WEDI: ICD-10 Post-Implementation Survey Reports Smooth Transition as Organizations Move to Other Initiatives

May 9, 2016
An ICD-10 post-implementation survey from the Reston, Va.-based WEDI has revealed that the transition to the new coding set has generally gone well for organizations, although the latest assessment had a low participant response rate.

An ICD-10 post-implementation survey from the Reston, Va.-based Workgroup for Electronic Data Interchange (WEDI) has revealed that the transition to the new coding set has generally gone well for organizations, although the latest assessment had a low participant response rate.

WEDI has been conducting ICD-10 readiness surveys since 2009 to gauge the status of industry implementation progress. On Oct. 1, 2015, the industry converted to ICD-10 in what some have called a non-eventful transition. In a February blog post, Andy Slavitt, Centers for Medicare & Medicaid Services (CMS) Acting Administrator, called the transition a success.

This most recent survey from WEDI had a low response rate, possibly indicating the reassignment of ICD-10 project personnel and likely a lack of interest in further ICD-10-related activities that are not operational in nature, according to the organization, which wrote a letter about these results to U.S. Department of Health & Human Services Sylvia Mathews Burwell on May 2. Indeed, the March 2016 survey got just 66 responses from health plans, providers, and vendors; previous WEDI ICD-10 surveys have gotten hundreds, if not a few thousand responses. Other notes from the latest survey include:

• Compliance date changes: While the changes to the compliance date added cost for many organizations, causing a lack of momentum, it also provided time for additional testing and a smoother transition.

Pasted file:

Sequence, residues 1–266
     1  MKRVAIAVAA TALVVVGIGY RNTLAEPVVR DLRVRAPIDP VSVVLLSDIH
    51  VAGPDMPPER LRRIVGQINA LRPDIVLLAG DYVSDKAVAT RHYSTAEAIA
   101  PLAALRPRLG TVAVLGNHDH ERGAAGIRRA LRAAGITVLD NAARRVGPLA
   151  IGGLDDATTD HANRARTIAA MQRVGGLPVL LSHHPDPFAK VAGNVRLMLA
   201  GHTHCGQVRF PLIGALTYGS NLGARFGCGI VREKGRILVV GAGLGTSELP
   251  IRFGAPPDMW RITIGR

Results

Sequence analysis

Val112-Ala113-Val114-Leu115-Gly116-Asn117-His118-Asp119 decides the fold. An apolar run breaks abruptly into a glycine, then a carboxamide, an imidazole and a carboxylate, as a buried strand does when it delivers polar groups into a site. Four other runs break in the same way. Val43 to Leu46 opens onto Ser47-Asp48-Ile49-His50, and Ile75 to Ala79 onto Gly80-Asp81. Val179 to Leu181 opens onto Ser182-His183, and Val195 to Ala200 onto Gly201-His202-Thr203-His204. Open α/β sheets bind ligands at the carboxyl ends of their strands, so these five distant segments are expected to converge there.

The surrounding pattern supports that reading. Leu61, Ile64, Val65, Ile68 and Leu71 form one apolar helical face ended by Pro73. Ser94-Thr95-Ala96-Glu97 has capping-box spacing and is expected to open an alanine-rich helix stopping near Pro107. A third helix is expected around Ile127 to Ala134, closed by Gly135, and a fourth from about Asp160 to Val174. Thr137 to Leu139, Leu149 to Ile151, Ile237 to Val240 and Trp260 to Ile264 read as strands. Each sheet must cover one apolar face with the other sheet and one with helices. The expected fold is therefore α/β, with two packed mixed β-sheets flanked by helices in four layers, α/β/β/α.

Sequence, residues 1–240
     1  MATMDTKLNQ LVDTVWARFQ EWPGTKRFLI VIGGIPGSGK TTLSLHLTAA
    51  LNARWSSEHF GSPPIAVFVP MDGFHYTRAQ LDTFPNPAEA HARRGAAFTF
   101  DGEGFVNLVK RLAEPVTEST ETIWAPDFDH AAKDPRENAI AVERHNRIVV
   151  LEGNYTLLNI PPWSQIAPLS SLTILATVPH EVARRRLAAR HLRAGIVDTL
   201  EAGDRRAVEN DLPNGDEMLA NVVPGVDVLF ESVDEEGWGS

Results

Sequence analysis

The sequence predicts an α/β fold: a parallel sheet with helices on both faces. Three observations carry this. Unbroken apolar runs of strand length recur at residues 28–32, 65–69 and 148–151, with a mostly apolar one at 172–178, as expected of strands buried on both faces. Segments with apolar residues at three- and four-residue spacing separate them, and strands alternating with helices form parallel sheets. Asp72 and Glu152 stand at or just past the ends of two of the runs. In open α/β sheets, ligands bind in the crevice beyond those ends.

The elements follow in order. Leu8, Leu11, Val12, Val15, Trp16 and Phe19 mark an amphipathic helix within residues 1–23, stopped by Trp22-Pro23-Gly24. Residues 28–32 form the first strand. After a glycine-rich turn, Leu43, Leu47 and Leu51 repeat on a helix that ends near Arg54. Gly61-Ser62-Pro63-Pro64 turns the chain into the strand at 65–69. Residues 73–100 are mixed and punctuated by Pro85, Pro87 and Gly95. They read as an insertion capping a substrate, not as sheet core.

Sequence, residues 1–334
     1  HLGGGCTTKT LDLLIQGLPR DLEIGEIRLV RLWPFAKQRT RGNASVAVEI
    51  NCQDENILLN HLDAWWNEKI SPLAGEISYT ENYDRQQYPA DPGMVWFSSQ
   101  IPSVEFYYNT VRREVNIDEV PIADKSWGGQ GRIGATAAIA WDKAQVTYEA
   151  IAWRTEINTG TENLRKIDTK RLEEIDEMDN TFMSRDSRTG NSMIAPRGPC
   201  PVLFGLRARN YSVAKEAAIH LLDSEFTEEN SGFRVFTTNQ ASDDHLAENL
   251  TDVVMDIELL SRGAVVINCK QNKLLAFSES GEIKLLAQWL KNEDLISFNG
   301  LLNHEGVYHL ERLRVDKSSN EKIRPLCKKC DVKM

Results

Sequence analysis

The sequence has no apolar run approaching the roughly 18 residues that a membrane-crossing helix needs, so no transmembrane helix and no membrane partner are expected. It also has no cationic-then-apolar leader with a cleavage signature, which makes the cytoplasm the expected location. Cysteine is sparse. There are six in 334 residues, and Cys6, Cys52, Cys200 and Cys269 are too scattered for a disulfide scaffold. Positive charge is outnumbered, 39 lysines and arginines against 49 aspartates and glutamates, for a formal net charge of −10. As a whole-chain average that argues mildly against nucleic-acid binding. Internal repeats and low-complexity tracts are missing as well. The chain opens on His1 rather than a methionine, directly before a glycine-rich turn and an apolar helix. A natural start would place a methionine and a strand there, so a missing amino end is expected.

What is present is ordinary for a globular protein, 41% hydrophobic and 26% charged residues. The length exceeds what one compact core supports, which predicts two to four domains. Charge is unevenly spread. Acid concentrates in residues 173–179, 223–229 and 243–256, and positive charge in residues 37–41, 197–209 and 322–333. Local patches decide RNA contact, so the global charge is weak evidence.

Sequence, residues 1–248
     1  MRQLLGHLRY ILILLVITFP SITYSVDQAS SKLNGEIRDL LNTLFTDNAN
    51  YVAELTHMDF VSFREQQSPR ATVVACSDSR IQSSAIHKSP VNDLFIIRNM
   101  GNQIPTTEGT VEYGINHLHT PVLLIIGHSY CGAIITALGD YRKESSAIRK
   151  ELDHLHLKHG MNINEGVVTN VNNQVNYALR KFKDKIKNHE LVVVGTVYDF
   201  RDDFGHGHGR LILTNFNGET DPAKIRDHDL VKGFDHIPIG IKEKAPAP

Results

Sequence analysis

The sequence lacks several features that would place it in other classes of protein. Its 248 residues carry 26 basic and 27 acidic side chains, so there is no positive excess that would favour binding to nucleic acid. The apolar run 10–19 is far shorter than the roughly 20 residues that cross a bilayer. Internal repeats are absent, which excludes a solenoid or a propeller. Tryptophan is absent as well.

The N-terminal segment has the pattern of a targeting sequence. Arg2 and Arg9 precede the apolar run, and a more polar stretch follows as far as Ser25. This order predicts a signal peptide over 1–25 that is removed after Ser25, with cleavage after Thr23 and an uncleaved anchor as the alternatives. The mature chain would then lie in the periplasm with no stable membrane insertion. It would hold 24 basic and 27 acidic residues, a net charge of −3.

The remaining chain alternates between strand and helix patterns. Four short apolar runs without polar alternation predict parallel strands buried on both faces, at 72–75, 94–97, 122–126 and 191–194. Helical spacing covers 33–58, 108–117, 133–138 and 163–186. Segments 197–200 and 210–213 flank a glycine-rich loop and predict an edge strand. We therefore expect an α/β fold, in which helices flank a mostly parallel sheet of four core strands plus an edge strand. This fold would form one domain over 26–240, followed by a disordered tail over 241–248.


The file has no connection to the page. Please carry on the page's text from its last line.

• Key lessons: Some common themes reflected in the responses indicate the value of starting early, communicating with trading partners, and conducting extensive testing.

• Industry education collaboration: The CMS ICD-10 website, including Road to 10, the WEDI website and coding materials from industry organizations were cited as being the most helpful.

• Productivity: While the impact to productivity was primarily neutral for vendors and health plans, there was a slight decrease in productivity for providers.

In terms of level of readiness, health plan and provider respondents said they were ready for the compliance date, although one provider indicated they required outside assistance to perform some functions. One vendor respondent indicated they were not ready and still had not delivered all their products or services, according to the survey’s results. However, all sectors indicated the delays added cost and caused a loss of momentum. But, all sectors also indicated that the delays improved the ability to perform testing and resulted in a smoother transition.

Vendor and health plan respondents indicated that the cost of implementation was on target with expectations or was more than anticipated. One-half of provider respondents indicated that the cost was on target with expectations, but the other half of respondents were about equally split between the indication that it cost more or that it cost less than expected.

Regarding productivity, the majority of vendor and health plan respondents indicated the impact to productivity was relatively neutral. While some provider respondents indicated a neutral impact, the majority indicated productivity was slightly diminished, especially in the areas of coding and clinical documentation. Some providers also responded that the authorization and pre-certification functions were negatively impacted.

Vendor respondents indicated that the primary lessons learned were that they would not have slowed efforts during the delays and that they would have performed more external testing. The most often cited lesson learned by health plan respondents is that more extensive external testing would have been helpful. Provider respondents did not clearly indicate any particular item that might have been done differently, although a few indicated they could have worked more closely with their vendors.

Further, vendor respondents indicated that they did not expect to realize any return on investment (ROI) with ICD-10. Health plan respondents were split about equally between those that expected to realize ROI and those that did not, although one respondent indicated they had already realized some ROI. The majority of providers responded that they did not expect to realize any ROI, although two respondents noted an improvement in their case mix index.

“Based on the survey responses and other industry sources it seems the transition as a whole went very well and lessons learned could be leveraged for implementing future mandates. The low response rate to this survey may be a reflection that organizations have moved well beyond the implementation process and have settled into ongoing operations under ICD-10,” WEDI concluded.

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